Vavali wrote:
If x is positive, which of the following could be correct ordering of \(\frac{1}{x}\), \(2x\), and \(x^2\)?
(I) \(x^2 < 2x < \frac{1}{x}\)
(II) \(x^2 < \frac{1}{x} < 2x\)
(III) \(2x < x^2 < \frac{1}{x}\)
(a) none
(b) I only
(c) III only
(d) I and II
(e) I, II and III
Let's look at this question logically. There will be some key takeaways here so don't focus on the question and the (long) solution. Focus on the logic.
First of all, we are just dealing with positives so life is simpler.
To compare two terms e.g. \(x^2\) and \(2x\), we should focus on the points where they are equal. \(x^2 = 2x\) holds when \(x = 2\).
When \(x < 2, x^2 < 2x\)
When \(x > 2, x^2 > 2x\)
Similarly \(1/x = x^2\) when \(x = 1\)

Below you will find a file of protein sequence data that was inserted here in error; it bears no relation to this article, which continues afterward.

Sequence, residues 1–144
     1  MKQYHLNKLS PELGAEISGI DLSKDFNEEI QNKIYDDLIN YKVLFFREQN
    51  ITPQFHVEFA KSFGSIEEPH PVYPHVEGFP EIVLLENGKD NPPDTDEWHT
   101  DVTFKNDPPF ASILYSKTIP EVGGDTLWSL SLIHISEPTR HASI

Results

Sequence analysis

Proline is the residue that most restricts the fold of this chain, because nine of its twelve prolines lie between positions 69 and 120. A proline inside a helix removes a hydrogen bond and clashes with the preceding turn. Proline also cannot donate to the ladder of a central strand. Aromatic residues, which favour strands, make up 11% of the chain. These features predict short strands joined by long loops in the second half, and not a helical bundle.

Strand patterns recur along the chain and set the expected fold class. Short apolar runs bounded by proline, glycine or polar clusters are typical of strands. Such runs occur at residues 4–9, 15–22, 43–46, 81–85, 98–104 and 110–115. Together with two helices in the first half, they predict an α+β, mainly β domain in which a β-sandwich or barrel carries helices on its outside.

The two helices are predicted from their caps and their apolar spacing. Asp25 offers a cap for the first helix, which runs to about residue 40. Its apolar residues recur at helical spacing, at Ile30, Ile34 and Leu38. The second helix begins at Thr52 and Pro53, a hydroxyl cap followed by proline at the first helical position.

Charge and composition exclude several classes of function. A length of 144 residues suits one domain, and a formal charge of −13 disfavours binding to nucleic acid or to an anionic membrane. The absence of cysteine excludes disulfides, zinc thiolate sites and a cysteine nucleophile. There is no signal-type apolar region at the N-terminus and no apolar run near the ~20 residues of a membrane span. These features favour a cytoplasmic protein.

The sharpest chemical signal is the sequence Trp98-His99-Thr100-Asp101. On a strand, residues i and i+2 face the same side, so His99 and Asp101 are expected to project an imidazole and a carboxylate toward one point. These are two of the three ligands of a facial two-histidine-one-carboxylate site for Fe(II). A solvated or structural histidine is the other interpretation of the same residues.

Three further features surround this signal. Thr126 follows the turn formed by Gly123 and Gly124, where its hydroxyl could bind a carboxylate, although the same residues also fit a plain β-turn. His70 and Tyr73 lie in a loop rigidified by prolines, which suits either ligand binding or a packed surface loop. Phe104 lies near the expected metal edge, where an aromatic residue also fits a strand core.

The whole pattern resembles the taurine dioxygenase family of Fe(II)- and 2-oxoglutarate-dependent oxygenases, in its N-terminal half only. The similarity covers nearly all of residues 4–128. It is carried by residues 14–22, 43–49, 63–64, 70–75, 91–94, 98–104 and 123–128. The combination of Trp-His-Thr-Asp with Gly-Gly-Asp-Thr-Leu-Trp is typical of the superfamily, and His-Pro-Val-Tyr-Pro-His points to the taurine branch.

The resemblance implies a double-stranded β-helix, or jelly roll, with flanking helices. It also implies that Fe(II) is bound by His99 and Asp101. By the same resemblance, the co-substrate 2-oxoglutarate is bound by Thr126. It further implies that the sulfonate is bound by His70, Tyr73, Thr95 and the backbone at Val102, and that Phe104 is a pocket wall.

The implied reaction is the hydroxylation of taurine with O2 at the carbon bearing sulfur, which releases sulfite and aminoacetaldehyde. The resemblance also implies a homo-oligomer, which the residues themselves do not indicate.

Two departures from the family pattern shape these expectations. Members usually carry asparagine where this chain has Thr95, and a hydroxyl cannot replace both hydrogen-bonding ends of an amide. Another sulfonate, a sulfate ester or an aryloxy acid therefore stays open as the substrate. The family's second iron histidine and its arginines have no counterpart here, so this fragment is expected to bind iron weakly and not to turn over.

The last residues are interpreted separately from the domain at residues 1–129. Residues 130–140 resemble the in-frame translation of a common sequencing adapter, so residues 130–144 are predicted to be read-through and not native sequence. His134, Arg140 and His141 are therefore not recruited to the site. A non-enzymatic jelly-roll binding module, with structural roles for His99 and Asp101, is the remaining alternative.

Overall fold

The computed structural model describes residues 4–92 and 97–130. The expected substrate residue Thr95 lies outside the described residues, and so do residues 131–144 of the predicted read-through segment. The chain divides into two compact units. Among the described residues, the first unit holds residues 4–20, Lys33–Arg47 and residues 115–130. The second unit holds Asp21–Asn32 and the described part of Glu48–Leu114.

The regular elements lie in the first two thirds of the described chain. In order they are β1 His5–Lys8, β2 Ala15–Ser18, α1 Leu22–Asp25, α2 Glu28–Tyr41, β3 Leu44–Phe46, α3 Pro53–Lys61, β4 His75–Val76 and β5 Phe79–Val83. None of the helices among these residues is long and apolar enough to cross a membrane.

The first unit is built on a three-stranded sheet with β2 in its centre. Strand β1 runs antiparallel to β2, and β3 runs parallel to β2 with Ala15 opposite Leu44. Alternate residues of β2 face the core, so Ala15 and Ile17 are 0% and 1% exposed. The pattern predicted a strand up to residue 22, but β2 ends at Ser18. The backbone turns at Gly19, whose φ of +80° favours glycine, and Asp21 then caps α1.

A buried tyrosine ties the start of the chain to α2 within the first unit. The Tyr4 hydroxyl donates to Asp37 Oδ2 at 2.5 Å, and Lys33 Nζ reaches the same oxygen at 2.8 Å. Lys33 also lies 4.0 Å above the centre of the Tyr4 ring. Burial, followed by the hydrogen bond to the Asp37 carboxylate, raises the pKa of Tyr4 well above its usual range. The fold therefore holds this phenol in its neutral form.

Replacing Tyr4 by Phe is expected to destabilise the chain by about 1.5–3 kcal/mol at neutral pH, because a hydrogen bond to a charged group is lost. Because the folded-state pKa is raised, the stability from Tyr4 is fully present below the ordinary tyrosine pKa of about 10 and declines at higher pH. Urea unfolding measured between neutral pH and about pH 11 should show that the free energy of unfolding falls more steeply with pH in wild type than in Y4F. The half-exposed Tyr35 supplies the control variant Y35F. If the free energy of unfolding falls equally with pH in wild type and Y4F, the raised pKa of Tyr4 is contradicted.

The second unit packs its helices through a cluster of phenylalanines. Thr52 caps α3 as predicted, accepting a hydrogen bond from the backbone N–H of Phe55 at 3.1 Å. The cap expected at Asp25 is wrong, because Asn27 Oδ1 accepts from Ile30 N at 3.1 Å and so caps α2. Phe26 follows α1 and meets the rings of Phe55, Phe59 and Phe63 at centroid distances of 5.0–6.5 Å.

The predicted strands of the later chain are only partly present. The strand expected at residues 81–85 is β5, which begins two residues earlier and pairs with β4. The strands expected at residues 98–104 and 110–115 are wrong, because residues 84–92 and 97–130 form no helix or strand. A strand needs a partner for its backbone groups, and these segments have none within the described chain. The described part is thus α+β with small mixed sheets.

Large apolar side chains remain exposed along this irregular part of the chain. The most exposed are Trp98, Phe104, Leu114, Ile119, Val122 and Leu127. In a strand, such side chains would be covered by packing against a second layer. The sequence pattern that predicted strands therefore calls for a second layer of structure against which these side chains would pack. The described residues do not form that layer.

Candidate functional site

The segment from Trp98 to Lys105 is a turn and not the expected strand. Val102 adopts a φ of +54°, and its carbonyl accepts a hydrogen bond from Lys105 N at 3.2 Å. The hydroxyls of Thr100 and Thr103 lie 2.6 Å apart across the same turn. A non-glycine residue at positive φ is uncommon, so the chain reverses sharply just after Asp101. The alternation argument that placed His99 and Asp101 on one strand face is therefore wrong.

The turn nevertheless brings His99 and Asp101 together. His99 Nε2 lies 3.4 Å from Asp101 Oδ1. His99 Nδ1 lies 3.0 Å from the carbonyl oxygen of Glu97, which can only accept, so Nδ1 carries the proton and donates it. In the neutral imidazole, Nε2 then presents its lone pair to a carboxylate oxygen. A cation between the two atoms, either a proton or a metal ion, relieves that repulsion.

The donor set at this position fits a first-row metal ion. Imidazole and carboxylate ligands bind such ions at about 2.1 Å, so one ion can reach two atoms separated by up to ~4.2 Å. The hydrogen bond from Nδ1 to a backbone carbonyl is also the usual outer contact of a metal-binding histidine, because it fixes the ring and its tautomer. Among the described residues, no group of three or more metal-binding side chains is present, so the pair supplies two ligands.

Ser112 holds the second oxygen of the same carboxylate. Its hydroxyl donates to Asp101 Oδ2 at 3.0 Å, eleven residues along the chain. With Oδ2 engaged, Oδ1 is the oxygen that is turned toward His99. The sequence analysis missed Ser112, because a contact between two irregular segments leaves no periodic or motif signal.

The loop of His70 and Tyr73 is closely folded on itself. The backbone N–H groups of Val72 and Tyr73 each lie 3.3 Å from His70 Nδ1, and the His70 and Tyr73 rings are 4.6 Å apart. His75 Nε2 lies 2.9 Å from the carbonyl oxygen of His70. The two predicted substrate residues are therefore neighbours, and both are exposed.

When \(x < 1, 1/x > x^2\).
When \(x > 1, 1/x < x^2\)
Going on, \(1/x = 2x\) when \(x = 1/\sqrt{2}\)
When \(x < 1/\sqrt{2}, 1/x > 2x\)
When \(x > 1/\sqrt{2}, 1/x < 2x\)
So now you know that:
If \(x < 1/\sqrt{2}\),
\(1/x > 2x, 1/x > x^2\) and \(x^2 < 2x\)
So \(x^2 < 2x < 1/x\) is possible.
If \(1/\sqrt{2} < x < 1\)
\(1/x < 2x, 1/x > x^2\)
So \(x^2 < 1/x < 2x\) is possible.
If \(1 < x < 2\)
\(1/x < 2x, 1/x < x^2, x^2 < 2x\)
So \(1/x < x^2 < 2x\) is possible.
If \(x > 2\)
\(1/x < 2x, 1/x < x^2, x^2 > 2x\)
So \(1/x < 2x < x^2\) is possible.
For no positive values of x is the third relation possible.
*Edited
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Karishma
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